Storytelling 2010

This time of year always rehashes the old “Best of” lists and we begin to amass 2011 predictions. The advertising world is no exception to the trend. From Ad Age’s “Biggest Stories of 2010” to Twitter’s “Year in Review: Trends” there is no lack of pats on the back.

At Small Army we pride ourselves on being storytellers. It’s in every thread of what we do as people and as an agency. When I proposed to Jeff that someone at the agency write a year- in- review post for the blog he immediately agreed, but suggested that we all contribute. I got a bit nervous at the thought of contributing to Small Army’s year-end post as I’m still fairly new to the agency. Jeff reassured me that my year-end story was still valid, important and interesting and that even as a new member to the team, I was a storyteller and should share the moral to my 2010 story with all of you.

Stay tuned over the next few weeks to hear from the rest of Small Army as they recap the good, the bad, and the silly stories that made up our 2010- all culminating with an epic list of predictions for the new year. Without further ado: I present the moral to my 2010 story.

“Making Lemonade”

In January of this year I was introduced to Erik Proulx‘s film Lemonade. I had just landed my first job in social media and the theme of making lemonade from lemons really resonated with me as I reflected on the path I had taken to get into that role. Four months prior I had left a dead-end receptionist position to focus all my energies on freelancing as a graphic designer and intensifying my job search in AdLand. My dreams were halted when, on my last day at the reception job, I was in a debilitating car accident. I found myself drowning in lemons. How was I supposed to jump-start my career if I couldn’t even walk or drive?

Well, I turned to the web. I had been extremely active on “social media” since before social media was ever even a thing. My parents thought it was important that I learn strong computer skills- including, but not limited to, DOS and Mavis Beacon. (Bonus points if you’re a millennial and you know what either of those are.) From DOS I graduated to dial-up Prodigy chat rooms and AOL. Shortly thereafter I found my way to HTML, Livejournal, AIM and Myspace. (Side note: A goal of mine for a brief period of time in college was to be “Myspace famous” and be cool enough to have what is now known as a smart phone- lofty goals!) So, bedridden and unemployed, I started doing what I do best- Facebooking and tweeting. Graphic Design projects started coming to me from people I knew, and even those I didn’t, who had found me through social media. I’d do a small web project here, a poster project there and before I knew it I had a one-woman freelance business operating from my couch.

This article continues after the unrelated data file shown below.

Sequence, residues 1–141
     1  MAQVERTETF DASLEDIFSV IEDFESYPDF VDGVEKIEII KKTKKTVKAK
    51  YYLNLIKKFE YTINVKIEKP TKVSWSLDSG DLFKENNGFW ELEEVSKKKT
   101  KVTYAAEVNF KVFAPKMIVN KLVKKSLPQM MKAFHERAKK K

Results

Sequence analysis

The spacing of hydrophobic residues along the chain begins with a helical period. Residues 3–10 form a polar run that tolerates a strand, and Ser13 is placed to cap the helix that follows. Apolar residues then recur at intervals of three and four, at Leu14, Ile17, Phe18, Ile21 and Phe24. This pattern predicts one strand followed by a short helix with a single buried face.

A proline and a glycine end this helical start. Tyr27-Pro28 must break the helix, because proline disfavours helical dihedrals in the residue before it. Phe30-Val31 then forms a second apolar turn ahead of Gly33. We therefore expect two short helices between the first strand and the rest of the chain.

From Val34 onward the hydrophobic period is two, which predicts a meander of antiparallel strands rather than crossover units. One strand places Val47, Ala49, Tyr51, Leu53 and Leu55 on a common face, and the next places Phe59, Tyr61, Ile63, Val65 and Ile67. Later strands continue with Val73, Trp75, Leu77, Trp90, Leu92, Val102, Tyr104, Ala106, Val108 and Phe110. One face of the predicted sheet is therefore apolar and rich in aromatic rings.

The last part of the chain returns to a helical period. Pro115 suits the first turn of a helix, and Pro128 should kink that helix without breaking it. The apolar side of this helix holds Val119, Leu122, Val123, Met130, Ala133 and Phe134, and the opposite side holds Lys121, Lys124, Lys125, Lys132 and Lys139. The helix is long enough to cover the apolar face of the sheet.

I coasted by on this for a few months during physical therapy and in January, began re-looking for that elusive job in AdLand. A friend suggested that I consider trying to find a job in social media- so, I listened. Perhaps what she picked up on, and what I now know, is that my real skill wasn’t in my design work, but how I went about getting it. I took a post-graduate internship managing social media for a non-profit and shortly thereafter became a full-time member of the team. I committed myself to learning everything I could to lead the social media revolution in Boston. I read books and blogs, I went to conferences and tweetups, I asked a lot of questions, and in no time I left to join the ranks at Small Army as their Social Media Strategist. (Somewhere in there I did also have my wedding and I did manage to get my body back in good enough shape to run a charity 5k in October.)

So while my Lemonade story may be a bit different than those in the movie, having overcome adversity to get into the advertising world, the moral of the story is the same: When life hands you lemons, make lemonade. You’ll be amazed to find that the answers you’ve been looking for have probably been in front of you the whole time.


*This post originally appeared on Through the Ears of an Entrepreneur

Kaitlin Maud